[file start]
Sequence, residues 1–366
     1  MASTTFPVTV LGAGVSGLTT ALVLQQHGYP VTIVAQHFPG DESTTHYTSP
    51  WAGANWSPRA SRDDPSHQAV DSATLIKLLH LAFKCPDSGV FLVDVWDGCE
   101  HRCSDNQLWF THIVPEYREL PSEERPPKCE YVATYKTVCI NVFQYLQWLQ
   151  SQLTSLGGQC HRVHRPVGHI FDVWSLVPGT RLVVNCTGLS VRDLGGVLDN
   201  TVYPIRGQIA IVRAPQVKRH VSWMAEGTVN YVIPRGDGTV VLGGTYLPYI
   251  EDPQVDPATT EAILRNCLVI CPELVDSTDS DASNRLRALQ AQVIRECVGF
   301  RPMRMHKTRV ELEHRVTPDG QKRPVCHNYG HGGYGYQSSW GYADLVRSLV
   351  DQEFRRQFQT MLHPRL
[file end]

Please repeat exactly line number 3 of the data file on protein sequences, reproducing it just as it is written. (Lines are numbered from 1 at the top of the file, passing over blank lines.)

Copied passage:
    51  WAGANWSPRA SRDDPSHQAV DSATLIKLLH LAFKCPDSGV FLVDVWDGCE